TPJ Investigative Report On “Privatization Boondoggles”

Posted in Around The State, Corruption, Cronyism, Had Enough Yet?, Health Care, Privatization at 10:11 am by wcnews

In their continuing series called Watch Your Assets, “…investigating abuses and misuses of public assets for private gain”, they don’t let us down. In the latest edition, Peddling Welfare-Privatization Boondoggles, they do an excellent job of spotlighting just what a scam that these privatization schemes have been. Notice as well that these scams are always run on the poor and needy, those who cannot afford to or are unable to defend themselves.

They start out by telling us a story about Grandma who, at one time, thought privatization schemes were the best thing since sliced bread:

A top privatization cheerleader, former Comptroller Carole Keeton Strayhorn, pledged in stump speeches to privatize most any government function that could be performed by businesses listed in the phone book. This “Yellow-Pages test” made for a crowd-pleasing conservative pitch. Yet the real world has stubbornly resisted the notion that the private sector can do just about anything cheaper, better and faster than government. After climbing the Yellow Pages to the comptroller’s office, Strayhorn soon found herself issuing audit reports excoriating state agencies and their phone-book contractors for squandering mountains of taxpayer funds. The frenzied pace of state privatization scandals in recent years have kept the media, public and lawmakers playing catch up

It’s tough to know what she really believed with all the party-switching she did over the years. Generally whatever was best for her political aspirations is how it seemed. But the TPJ does a damn good job of showing what the problems have been with privatization schemes form the beginning. (As you read this keep the TTC in mind).

Thanks in large part to the wonders of the revolving door, the lines between state officials, lobbyists and state contractors often are illusory. Too often architects of Texas’ social service privatization schemes appear to have ensured that privatization would fill their own pockets and those of their past or future employers. Meanwhile they have failed to adopt adequate safeguards to protect the interests of taxpayers and recipients of health care and food assistance. The central failing of Texas’ social service privatization experiments is that they have sought to privatize too many social services too fast with too little oversight of private contractors. The result is that many aid recipients have been hurt and taxpayers have been fleeced.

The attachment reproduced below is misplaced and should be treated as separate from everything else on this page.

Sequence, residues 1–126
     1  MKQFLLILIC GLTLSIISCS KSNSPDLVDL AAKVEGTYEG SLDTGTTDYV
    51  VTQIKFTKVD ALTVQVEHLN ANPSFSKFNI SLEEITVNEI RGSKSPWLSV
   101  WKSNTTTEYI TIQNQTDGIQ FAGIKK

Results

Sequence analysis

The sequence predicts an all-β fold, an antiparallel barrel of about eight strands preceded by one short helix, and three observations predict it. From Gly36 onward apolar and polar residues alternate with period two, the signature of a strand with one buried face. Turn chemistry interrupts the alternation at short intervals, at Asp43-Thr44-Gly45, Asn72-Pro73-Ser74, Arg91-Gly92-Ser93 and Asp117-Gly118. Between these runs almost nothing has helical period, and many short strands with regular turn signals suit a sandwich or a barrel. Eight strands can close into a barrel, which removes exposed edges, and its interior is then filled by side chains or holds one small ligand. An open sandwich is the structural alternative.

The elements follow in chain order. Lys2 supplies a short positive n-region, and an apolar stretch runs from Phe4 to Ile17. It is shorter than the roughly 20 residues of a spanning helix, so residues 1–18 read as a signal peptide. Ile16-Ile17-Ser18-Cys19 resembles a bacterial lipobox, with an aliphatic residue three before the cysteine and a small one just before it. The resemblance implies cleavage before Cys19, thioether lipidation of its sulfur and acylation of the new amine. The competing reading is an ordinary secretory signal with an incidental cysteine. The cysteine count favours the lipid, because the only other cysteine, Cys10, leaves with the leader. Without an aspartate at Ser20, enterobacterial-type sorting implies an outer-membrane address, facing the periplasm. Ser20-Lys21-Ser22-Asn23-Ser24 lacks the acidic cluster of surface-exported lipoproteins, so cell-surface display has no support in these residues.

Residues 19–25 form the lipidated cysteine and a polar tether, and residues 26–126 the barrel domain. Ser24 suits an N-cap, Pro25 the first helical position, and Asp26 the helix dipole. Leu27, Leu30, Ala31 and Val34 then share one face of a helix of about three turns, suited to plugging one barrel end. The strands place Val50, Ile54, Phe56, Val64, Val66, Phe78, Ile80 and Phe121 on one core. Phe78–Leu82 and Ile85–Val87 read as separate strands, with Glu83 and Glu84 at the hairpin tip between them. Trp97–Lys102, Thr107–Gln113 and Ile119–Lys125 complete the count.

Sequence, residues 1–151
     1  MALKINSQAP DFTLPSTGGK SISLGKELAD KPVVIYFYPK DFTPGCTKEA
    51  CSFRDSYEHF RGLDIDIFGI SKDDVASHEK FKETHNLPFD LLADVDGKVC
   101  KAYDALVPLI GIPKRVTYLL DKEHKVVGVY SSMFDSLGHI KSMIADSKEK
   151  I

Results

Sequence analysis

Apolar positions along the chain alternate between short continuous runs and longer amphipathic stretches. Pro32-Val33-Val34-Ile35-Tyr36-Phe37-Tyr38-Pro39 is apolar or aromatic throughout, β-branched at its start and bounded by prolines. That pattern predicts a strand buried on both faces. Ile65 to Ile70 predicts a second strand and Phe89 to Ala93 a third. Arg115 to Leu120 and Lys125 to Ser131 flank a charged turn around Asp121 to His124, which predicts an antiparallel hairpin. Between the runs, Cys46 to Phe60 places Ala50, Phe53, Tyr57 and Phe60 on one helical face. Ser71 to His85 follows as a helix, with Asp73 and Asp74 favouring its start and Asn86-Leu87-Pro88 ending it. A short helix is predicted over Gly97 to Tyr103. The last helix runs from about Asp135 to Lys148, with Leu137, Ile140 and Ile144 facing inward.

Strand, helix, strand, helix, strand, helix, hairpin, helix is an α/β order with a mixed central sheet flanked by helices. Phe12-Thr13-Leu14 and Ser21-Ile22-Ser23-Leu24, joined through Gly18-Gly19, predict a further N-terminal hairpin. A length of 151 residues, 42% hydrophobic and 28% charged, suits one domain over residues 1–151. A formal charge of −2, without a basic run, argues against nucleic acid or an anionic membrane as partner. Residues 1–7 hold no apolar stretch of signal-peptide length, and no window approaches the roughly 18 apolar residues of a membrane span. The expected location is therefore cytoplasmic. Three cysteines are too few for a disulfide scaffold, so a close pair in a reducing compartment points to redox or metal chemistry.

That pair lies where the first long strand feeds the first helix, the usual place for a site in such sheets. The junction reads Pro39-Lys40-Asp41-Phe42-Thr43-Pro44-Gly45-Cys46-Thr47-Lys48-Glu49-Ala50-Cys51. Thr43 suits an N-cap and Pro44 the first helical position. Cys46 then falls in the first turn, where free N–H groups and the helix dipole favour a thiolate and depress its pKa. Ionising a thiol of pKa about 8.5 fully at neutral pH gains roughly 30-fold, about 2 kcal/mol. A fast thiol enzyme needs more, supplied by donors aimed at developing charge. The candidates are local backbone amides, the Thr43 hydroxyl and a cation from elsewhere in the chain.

Another striking characteristic of Texas’ social service privatization disasters is that nobody takes responsibility for them. The buck stops nowhere. As custodians of the public purse, the ultimate responsibility for these boondoggles belongs to the many state officials who approved them and failed to supervise them effectively. The contractor companies that have so little to show for hundreds of millions of tax dollars also richly deserve major responsibility. Finally, an oft-overlooked culprit is the army of lobbyists who sold these privatization schemes.

This study looks at four state programs to privatize human services. In 1996 Texas awarded a contract to develop a fingerprinting system that would prevent Texans from fraudulently helping themselves to duplicate social service benefits. In another scheme two years later Texas launched a pilot project to use private HMO contractors to oversee certain health care services for Medicaid recipients. Texas then launched the mother of all welfare-privatization plans in 2001, paying a contractor to design the Texas Integrated Eligibility Redesign System (TIERS). This massive system was supposed to streamline the state’s handling of enrollment and benefits for a slew of social service programs. HHSC in 2004 also outsourced its own employee administration functions to a private contractor. State officials, contractors and lobbyists sold all four of these privatization projects as ways to deliver welfare services more efficiently and to save mountains of public funds. Taken together, they have done just the opposite. They have burned through hundreds of millions of tax dollars with little to show except for the enrichment of contractors and lobbyists.

Over the past decade, 13 contractors for these four privatization projects have paid 102 Texas lobbyists up to $11.3 million. Yet the top 41 social service privatization lobbyists accounted for 70 percent of these lobby contracts and 87 percent of the resulting revenue. Many of these top lobbyists are discussed below. These hefty lobby expenditures were a relatively modest price to pay to land $2.1 billion in state contracts. Even the House Appropriations chair recently acknowledged that the special-interest lobby writes much—if not most—of Texas’ laws. This report identifies some of the highest paid peddlers of social service privatization schemes run amok. Next time these individuals come peddling ways to save the state money, the state might save much more by exercising a bit of skepticism.

Boondoggles, schemes, scams, call them what you will, it doesn’t matter. What’s clear through all of this is that it’s a racket by corporations and lobbyists to scam taxpayers of their money using the politicians they fund as a conduit. That’s just a few excerpts, go here to read the whole thing.

Leave a Comment

You must be logged in to post a comment.